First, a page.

Among the mysteries of the internal organization at Metrolinx is the presence of separate “divisions” for GO Transit (the commuter rail service), Presto (the fare card service) and UP Express (the premium fare airport shuttle service). Rather than using the GO brand for the airport service and integrating its operation and fares, Metrolinx treats UPX as a completely separate entity, no doubt so that it could isolate the operation as a profit centre on the books. We now know that “profit” is the furthest thing from a UPX future where just finding riders now takes precedence.
Soon, fares on UPX will be much lower and this might encourage some to incorporate the UPX into their journeys. However, there are two glaring holes in the new arrangement.
UPX, being a separate operation, does not have fares integrated with connecting GO services at Union. Riders transferring between these services will pay separate fares for each leg of their journey. Presuming that UPX fares stay low, this should be corrected, at the latest, in the next annual review of GO’s tariff.
But the really bone-headed decision (or lack of decision) lies with the TTC. Although GO fares discourage “local” travel within the 416, there is a legal transfer move a rider can use called TTC Times Two. A trip can start on the TTC, transfer to GO, and then back onto the TTC again using the original TTC transfer.
With UPX moving to lower fares and the likelihood that it will attract commuter trade within the city, the question becomes “is TTC Times Two valid for UPX”? I asked the TTC’s Brad Ross and Chris Upfold this question at the recent TTC Board meeting. Their answer? “No” because (a) UPX is not a GO train and (b) a TTC policy change would be required.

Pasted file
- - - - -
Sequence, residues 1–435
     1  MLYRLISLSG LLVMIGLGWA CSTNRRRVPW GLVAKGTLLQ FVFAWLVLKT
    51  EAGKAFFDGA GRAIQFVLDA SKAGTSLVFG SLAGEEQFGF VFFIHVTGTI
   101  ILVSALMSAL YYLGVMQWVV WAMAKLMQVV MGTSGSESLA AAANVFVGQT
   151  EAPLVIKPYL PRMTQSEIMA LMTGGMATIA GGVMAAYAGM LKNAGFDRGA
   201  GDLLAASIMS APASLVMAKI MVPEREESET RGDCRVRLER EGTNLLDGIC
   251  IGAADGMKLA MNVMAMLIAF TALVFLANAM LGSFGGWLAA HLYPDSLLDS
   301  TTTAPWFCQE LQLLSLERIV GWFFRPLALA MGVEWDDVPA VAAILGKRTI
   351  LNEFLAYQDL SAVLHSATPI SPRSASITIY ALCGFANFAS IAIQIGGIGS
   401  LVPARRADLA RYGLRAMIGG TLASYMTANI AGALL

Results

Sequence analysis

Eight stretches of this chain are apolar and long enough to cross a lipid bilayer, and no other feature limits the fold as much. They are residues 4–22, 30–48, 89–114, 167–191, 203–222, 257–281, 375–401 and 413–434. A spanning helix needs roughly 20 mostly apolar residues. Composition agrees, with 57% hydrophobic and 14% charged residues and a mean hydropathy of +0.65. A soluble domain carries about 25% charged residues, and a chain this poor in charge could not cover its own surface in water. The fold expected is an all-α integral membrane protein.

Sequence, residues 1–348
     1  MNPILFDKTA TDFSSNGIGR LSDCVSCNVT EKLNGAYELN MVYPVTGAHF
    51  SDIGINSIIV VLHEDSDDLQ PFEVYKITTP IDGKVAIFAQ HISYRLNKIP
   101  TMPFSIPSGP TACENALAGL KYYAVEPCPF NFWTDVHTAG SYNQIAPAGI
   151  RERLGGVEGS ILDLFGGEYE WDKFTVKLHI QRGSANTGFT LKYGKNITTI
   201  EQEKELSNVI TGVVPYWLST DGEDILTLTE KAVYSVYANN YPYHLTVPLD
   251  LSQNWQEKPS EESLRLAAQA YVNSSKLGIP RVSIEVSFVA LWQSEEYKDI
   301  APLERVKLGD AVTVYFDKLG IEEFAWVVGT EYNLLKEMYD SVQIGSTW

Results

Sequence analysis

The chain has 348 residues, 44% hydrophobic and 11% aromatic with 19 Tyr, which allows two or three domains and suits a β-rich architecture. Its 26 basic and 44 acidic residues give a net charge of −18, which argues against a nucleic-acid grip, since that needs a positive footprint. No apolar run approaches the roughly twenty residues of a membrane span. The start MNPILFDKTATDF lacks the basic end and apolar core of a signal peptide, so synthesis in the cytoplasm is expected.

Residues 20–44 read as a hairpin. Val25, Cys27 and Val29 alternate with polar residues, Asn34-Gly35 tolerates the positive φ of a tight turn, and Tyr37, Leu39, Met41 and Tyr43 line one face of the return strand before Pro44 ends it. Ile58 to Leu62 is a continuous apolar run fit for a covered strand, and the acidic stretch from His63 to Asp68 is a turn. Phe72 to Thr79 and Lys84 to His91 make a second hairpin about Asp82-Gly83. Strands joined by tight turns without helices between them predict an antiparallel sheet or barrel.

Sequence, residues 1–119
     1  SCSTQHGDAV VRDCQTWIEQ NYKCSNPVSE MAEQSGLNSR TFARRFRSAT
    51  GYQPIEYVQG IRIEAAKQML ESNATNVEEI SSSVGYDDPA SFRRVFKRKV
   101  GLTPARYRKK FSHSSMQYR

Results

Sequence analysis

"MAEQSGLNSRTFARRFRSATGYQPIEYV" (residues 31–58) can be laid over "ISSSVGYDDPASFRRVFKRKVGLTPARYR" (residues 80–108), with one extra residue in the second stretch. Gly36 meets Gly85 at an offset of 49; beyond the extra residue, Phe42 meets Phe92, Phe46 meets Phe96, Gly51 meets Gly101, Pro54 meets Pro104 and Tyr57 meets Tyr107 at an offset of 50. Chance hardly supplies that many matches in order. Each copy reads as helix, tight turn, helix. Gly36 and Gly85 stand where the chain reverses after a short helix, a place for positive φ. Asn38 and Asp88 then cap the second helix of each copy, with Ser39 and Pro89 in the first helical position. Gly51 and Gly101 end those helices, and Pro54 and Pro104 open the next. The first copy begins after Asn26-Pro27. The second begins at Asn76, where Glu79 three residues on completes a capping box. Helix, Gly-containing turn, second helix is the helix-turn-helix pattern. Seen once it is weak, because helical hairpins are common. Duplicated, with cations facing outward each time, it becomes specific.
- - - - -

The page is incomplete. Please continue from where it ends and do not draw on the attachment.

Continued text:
The irony, of course, is that GO operates in the same corridor as UPX, and it would be impossible to distinguish whether a traveller with a transfer from the Lawrence 52 bus arrived at Union Station via GO or via UPX, except of course that GO service only runs in the peak period.
During the March 1 subway shutdown thanks to a power vault fire, TTC riders travelled on GO and UPX for no extra charge. The reverse courtesy has been extended to GO riders on occasion. This did not require a formal meeting and policy decision, simply the recognition that there is one transit network regardless of the logo on the train.
How riders get from one connection point to another should not matter. Between now and March 9 when the new UPX fares take effect, can someone at the TTC show a small spark of initiative and decide that a traveller on either a GO or UPX train can use TTC Times Two? Or will we continue to have an artificial distinction between two services provided on the same track by the same agency?